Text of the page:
Your credit history, which is the length of time your credit has been established, is about 15% of your score.
A borrower who has had credit lines for 20 years (we call this seasoning) scores higher than some who has never borrowed anything. If you are just beginning to establish credit, a secured credit card may be just the thing.
When I was in my 20’s, I got a small personal loan and paid it off on time. By the time I was ready to buy a car, I had a history behind me and had no trouble getting a new loan. Each successfully managed loan leads to an easier time getting new loans.
If you’re really new to credit, your lender may be able to show a good payment history by using phone bills, electric bills, etc.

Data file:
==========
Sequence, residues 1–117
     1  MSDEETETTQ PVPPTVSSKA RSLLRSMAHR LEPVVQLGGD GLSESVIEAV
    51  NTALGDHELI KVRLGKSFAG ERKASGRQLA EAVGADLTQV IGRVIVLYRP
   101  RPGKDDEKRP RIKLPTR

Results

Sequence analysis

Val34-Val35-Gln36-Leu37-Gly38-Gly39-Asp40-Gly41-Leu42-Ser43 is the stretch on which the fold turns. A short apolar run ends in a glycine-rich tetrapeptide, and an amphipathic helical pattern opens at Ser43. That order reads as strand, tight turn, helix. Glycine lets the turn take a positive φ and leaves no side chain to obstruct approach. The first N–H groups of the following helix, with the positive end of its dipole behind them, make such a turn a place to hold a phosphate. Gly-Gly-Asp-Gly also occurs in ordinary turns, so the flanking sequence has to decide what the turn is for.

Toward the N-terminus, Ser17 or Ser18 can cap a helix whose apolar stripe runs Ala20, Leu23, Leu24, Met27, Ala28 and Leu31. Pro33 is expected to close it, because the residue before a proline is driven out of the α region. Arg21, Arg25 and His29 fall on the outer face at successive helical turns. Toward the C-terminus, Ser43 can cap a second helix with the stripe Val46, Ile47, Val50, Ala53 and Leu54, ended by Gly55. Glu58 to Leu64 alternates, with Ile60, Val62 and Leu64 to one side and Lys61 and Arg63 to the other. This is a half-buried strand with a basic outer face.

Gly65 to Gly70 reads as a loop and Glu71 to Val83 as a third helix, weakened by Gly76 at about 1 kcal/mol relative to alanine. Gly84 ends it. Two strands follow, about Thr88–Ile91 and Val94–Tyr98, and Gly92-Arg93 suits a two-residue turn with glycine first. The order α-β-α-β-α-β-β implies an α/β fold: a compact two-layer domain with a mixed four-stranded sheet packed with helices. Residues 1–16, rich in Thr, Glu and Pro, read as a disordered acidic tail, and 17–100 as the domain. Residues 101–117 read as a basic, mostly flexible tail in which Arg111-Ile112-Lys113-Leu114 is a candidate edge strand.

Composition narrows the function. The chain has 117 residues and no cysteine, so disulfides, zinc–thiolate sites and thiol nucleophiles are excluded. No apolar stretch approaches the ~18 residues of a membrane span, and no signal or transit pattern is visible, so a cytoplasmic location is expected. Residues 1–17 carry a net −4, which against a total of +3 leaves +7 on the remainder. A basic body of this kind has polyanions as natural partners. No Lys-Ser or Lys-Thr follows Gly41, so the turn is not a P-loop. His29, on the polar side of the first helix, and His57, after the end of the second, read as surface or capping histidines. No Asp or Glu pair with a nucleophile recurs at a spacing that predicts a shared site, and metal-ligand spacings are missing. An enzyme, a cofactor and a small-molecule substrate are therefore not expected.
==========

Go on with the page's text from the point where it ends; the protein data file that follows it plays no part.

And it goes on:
Inquiries had a 10% impact on your score. In other words, every time you apply for credit (or even talk to a creditor about financing something), the creditor will make an inquiry as to your credit history. Too many of these and you’ll lose points in your credit score. However, if you’re shopping for the best rates, inquiries within a 14 day period will count as only one inquiry. So best to plan ahead when shopping for a mortgage than to spread it out over time.
Anecdotally, when I was in the mortgage business, it was common for approved loans to become unapproved loans because the buyers would go out and buy furniture on credit just before going to settlement. Those inquiries would show up and scuttle the loan. Do not spend money on anything between finding your dream house and going to settlement! Wait until the house is yours.
Last, the type of credit you have makes a difference. A mix of loan types — auto, credit card, student, etc. — is better than credit card debt alone.
(C) Susan Pruden.